Wednesday, June 11, 2014

That Mozart Autograph . . .

... fetched almost $1 million (£578,500 = $972,285, hammer price plus buyer premiums) at the Sotheby's sale in London on 20 May 2014.


In the same sale, the autograph of Rimsky-Korsakov's Second Symphony sold for over $2 million (£1,202,500 = $2,021,042).

The Mozart manuscript, five pages containing 49 bars of a Kyrie in C, K. Anh. 18 (166F), written when he was 16, comes with proper intrigue, having not been widely seen since it was smuggled away from Germany by its owner in 1938; the titled wrapper, sent with the family furniture in 1939, was lost when the freighter was torpedoed and sank.

The presumed economic effect of the semi-frenzy in the press—that the price would be driven wildly up and the document subsequently sequestered by a private collector—became the subject of colloquy among professional musicologists, prompting an essay by Jonathan Bellman where he concludes: “I don’t see an ethical issue with the discussion of a newly emerged, long-lost manuscript. ... “Besides, I find the ethical issues involved in expecting people to muzzle themselves about important discoveries to be far more problematic.”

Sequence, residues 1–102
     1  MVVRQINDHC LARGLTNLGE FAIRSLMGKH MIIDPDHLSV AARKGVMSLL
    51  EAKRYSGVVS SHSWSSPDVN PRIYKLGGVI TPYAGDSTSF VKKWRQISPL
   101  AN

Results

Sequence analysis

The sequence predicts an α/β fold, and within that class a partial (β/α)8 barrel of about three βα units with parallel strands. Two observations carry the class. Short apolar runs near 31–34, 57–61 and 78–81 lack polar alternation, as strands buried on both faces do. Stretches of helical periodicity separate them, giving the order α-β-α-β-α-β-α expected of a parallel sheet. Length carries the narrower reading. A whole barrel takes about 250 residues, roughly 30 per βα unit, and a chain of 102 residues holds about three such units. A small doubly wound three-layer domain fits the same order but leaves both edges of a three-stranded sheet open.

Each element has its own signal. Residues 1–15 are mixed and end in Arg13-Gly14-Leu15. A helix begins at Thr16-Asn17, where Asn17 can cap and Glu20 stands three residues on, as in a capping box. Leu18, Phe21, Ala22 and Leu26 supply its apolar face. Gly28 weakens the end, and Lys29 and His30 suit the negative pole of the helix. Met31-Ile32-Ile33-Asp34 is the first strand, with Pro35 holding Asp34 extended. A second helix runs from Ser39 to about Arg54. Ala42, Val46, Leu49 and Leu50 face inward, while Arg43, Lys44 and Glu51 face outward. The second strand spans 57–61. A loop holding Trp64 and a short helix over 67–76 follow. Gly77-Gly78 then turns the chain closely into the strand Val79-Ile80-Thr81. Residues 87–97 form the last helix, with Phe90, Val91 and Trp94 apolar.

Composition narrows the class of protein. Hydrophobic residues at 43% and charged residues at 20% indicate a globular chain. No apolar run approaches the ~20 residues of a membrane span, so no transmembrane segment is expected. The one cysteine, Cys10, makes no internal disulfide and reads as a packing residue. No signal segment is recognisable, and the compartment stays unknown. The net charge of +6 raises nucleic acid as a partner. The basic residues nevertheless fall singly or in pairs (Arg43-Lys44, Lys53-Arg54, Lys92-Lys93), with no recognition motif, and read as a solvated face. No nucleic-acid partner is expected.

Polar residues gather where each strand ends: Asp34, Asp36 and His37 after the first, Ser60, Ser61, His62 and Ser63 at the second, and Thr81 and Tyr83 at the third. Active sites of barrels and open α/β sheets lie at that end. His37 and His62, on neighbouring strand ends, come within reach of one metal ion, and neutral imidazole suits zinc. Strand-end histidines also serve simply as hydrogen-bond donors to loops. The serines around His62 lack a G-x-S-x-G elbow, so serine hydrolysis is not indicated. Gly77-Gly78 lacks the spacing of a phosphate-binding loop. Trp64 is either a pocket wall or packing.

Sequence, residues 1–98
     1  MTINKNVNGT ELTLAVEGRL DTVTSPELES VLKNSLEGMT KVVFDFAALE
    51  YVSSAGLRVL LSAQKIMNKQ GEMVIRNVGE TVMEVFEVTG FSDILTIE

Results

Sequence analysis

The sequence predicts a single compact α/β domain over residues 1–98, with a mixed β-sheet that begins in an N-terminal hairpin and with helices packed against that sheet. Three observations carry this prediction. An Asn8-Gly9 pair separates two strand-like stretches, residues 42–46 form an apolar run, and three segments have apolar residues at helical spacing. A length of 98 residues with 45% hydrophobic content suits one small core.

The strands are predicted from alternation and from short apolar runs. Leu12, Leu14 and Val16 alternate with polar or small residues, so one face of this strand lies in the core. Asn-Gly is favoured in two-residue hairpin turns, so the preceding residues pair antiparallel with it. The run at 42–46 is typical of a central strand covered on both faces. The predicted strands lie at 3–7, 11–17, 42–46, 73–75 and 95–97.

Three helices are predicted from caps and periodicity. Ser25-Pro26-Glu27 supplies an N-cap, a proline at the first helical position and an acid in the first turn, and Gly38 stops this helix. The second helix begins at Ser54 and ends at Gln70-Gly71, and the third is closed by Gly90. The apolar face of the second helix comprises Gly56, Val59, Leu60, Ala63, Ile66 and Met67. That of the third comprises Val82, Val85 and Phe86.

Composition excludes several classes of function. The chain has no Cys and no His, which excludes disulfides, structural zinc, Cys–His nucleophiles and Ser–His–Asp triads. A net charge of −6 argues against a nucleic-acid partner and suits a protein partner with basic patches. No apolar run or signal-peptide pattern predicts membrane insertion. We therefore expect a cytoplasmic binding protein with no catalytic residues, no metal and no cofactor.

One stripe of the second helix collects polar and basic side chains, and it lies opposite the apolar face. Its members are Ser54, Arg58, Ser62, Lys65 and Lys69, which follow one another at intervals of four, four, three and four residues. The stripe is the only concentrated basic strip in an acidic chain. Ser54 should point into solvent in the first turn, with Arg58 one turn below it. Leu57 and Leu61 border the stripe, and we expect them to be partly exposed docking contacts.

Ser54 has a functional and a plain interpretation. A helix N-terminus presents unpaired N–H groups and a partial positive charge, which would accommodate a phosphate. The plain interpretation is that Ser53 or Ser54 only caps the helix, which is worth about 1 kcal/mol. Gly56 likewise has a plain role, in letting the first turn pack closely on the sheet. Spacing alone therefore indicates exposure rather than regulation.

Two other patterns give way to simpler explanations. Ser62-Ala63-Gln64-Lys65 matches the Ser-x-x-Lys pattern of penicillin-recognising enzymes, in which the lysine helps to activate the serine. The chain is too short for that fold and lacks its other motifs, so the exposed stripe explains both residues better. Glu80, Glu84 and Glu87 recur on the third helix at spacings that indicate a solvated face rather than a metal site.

And in other (frenzied) news . . .

So much for light beach reading.




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